Poncho Sanchez first formed his own group in 1980, leading his ensemble during Tjader's vacation periods and recording two albums for Discovery. Shortly before his death, Tjader recommended to Concord founder Carl Jefferson that he sign Sanchez to his Concord Picante label (a subsidiary originally started to document Tjader's music). 18 recordings, a Grammy Award (for 1999's Latin Soul) and a countless number of performances around the world (at venues ranging from concert halls and nightclubs to free festivals) have resulted in the years since. "My band and I really do love Latin jazz. We played this music before it was popular and I think we've played a part in helping it to become popular again. Our main goal is always to keep Latin jazz alive, growing and moving, while being authentic to the music that we love. I'm proud to say that we have stuck to the basic fundamentals and the roots which are very important to us. And, as I always say in clinics, this music is not just for Latino people. It was born in the United States and it is American music. It is for everybody!" Soul of the Conga Poncho's latest release on Concord Records features Sanchez's three-horn three-percussion octet who have been joined on past recordings by such guests as Tito Puente, Freddie Hubbard, Eddie Harris, Dianne Reeves, the Jazz Crusaders and Mongo Santamaria.Soul Of The Conga features the great organist Joey DeFrancesco as part of Sanchez's band on seven numbers.

The first time that Sanchez worked with an organist since he started leading his band was a few months before this recording took place. "Joey DeFrancesco was our special guest for a full week at Yoshi's" remembers Sanchez. "He adjusted himself quickly to our Latin groove and he is such a fine musician that it was easy to play with him." DeFrancesco, whose rise to fame in the 1990s helped the Hammond B-3 organ to make a major comeback, clearly inspires Sanchez and his sidemen with his enthusiasm and remarkable technique. The organist is not the only guest on Soul Of The Conga. "Stella By Starlight" features Terence Blanchard, one of the top trumpeters in jazz. "We appeared at the same festivals a few times and always liked each other's music but had never played together before." In addition, Sanchez has a rare opportunity to explore the early roots of Cuban music during the four numbers in which he interacts with the Five Ortiz Brothers.

The well-rounded and continually intriguing program begins with DeFranco in the spotlight during the funky blues "Joseito." Tenor-saxophonist Scott Martin also has a strong spot while trumpeter Sal Cracchiolo (who has been with the band since near the beginning) and trombonist Francisco Torres (who at two years, is the newest member of the Sanchez family) have brief tradeoffs with the percussion section. "Oye Lo" features some happy group singing and a groove worthy of Sanchez's late boss Cal Tjader; Cracchiolo takes solo honors.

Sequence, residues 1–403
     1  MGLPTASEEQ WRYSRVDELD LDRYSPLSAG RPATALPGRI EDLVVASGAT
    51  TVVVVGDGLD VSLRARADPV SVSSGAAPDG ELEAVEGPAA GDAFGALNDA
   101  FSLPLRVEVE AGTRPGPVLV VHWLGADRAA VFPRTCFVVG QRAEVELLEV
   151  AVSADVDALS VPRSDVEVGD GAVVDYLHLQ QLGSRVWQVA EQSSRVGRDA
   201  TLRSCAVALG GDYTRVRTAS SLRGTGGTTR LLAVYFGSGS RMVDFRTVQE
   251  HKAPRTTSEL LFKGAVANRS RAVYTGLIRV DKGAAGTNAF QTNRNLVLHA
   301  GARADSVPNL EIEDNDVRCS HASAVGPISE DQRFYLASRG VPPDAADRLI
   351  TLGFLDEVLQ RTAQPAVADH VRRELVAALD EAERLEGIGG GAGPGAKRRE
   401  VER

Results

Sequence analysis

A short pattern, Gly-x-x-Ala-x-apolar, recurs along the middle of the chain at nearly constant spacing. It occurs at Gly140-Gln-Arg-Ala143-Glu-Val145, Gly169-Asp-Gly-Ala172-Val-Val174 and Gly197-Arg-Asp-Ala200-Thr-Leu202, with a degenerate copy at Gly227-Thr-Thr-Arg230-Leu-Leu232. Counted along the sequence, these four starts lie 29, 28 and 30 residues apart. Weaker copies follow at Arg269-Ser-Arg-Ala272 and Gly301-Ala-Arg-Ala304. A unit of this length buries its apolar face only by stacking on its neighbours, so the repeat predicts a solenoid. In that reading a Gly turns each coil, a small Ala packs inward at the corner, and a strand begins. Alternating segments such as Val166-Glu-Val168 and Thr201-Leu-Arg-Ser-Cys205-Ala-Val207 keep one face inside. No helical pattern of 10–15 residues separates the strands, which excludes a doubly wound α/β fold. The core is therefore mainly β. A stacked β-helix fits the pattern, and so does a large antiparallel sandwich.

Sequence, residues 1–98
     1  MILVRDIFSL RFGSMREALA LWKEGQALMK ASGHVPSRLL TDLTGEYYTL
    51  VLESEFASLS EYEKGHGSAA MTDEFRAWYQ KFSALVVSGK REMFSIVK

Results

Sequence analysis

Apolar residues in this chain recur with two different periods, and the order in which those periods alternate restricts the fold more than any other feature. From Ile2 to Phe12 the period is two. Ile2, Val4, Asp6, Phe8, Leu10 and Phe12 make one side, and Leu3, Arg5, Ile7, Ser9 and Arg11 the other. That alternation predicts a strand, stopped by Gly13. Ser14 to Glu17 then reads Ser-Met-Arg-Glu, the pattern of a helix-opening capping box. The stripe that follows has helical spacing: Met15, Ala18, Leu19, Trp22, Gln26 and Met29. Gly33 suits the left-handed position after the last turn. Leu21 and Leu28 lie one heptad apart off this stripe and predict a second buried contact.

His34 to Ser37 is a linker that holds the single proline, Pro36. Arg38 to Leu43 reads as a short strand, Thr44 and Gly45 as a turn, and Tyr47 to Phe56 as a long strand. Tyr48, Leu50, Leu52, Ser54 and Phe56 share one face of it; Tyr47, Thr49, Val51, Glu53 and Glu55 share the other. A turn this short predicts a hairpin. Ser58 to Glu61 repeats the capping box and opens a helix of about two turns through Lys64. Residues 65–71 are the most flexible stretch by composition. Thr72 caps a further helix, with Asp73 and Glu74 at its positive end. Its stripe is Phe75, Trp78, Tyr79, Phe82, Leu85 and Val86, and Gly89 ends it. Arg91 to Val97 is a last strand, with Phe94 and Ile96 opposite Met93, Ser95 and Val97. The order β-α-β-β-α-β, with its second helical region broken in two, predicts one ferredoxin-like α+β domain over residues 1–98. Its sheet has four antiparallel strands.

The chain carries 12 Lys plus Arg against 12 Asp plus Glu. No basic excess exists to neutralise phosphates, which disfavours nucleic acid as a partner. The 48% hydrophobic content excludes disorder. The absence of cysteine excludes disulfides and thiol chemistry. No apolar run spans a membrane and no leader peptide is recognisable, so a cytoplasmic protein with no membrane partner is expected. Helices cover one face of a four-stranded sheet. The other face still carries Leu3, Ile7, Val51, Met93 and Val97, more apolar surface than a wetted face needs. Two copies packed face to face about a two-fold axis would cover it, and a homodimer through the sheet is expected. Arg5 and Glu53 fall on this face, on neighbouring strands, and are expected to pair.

Next is Poncho Sanchez's first meeting on this release with the five Ortiz Brothers. The siblings had befriended Sanchez years ago when they were kids who were anxious to see his band play. Since then they have become professional musicians and formed Son Mayor, a 14-piece salsa band that has become popular in Los Angeles. "Not many people know about the changui style of music from Oriente, Cuba that they play which uses bongos rather than congas and features the tres (a six-string acoustic guitar)." The traditional changui sound, which can be heard on recordings of the 1920s and 30s, is revived creatively by the Ortiz Brothers. Sanchez and Sal Cracchiolo (whose trumpet playing on this selection is in the style of veteran Chocolate Armenteros) sound quite at home with the Ortiz Brothers on "Venga A Bailar Bailadores."

"Moon Pie" with DeFrancesco is in the style of classic soul jazz of the 1960s. The catchy "Haitian Lady" finds the solos of DeFrancesco and Cracchiolo being pushed by the exciting rhythmic patterns of pianist David Torrez. Sanchez, a superior singer, has a vocal feature on the romantic "Cosas Del Alma," a number that is perfect for dancing couples. "Nengon" features the vintage and spirited group singing and acoustic instruments of the Ortiz Brothers along with Sanchez and pianist Torres. Alphonse Mouzon's "Virtue" (which has a groove a bit similar to that of "Afro Blue") and a wonderfully Latinized rendition of Henry Mancini's "Days Of Wine And Roses" gives Sanchez's regular band opportunities to stretch out with DeFrancesco.

The Ortiz Brothers return for "Fania Fungue" which has some particularly infectious group singing. Terence Blanchard's ballad feature on "Stella By Starlight" is quite heartfelt and beautiful, making one look forward to future collaborations by the trumpeter with the perfectly complementary Sanchez band. "Bodacious Q" finds Sanchez (and particularly pianist David Torres) playing in a Ramsey Lewis groove which, with its handclapping, is reminiscent of a Lewis live date from the 1960s. Tito Rodriguez's "Asi Asi" looks back to the classic Cuban dance bands of the 1950s; among the group singers are Joey DeFrancesco himself. The consistently appealing Soul Of The Conga concludes with the chanting and percussion of the Ortiz Brothers and Sanchez on "Rumba De Po-Tiz," which in its "Po-Tiz" title was spontaneously named after them.

Soul of the Conga is Latin and Soul and it truly is music for everybody.